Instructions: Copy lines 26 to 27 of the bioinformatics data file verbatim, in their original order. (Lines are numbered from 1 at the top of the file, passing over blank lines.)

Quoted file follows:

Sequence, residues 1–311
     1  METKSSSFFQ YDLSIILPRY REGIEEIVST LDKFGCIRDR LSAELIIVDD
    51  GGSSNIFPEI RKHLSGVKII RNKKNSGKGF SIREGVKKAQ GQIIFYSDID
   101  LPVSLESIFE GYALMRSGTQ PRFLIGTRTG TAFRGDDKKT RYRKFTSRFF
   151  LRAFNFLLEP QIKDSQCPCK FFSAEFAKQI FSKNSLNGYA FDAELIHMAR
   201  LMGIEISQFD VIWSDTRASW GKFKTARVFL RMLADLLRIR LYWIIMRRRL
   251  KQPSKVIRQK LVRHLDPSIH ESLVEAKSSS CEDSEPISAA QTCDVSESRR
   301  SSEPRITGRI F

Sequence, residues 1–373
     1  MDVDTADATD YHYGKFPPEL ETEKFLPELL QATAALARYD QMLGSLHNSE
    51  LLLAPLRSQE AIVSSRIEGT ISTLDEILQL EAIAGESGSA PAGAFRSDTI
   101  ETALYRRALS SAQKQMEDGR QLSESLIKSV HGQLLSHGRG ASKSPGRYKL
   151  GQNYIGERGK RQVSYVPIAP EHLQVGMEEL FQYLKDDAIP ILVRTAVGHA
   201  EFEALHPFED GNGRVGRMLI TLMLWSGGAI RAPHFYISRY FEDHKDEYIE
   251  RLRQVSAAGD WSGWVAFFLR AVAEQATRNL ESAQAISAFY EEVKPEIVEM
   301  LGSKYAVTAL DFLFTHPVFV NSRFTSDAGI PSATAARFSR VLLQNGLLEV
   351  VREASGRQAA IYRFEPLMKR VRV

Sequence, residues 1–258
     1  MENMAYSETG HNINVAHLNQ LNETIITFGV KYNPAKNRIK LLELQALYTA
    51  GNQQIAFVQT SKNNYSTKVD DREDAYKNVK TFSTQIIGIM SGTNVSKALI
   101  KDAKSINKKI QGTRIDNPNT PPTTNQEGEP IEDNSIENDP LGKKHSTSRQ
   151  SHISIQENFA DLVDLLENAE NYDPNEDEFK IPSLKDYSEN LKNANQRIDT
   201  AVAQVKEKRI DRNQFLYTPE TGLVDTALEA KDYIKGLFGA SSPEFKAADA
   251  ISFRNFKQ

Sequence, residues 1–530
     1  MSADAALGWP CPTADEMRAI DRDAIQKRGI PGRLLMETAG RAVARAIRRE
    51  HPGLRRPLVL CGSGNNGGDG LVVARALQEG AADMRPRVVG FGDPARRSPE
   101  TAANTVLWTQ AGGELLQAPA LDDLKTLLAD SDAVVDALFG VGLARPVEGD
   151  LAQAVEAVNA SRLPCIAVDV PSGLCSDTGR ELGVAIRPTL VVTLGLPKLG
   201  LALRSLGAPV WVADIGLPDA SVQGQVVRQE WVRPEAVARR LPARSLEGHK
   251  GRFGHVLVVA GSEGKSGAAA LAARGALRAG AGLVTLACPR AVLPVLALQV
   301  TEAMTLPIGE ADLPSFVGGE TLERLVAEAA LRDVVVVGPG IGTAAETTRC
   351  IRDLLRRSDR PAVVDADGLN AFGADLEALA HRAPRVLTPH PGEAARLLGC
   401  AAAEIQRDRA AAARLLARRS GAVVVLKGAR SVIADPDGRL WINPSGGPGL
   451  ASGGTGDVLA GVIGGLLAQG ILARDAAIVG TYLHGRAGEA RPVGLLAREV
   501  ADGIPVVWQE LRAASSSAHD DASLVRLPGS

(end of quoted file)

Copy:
     1  MSADAALGWP CPTADEMRAI DRDAIQKRGI PGRLLMETAG RAVARAIRRE
    51  HPGLRRPLVL CGSGNNGGDG LVVARALQEG AADMRPRVVG FGDPARRSPE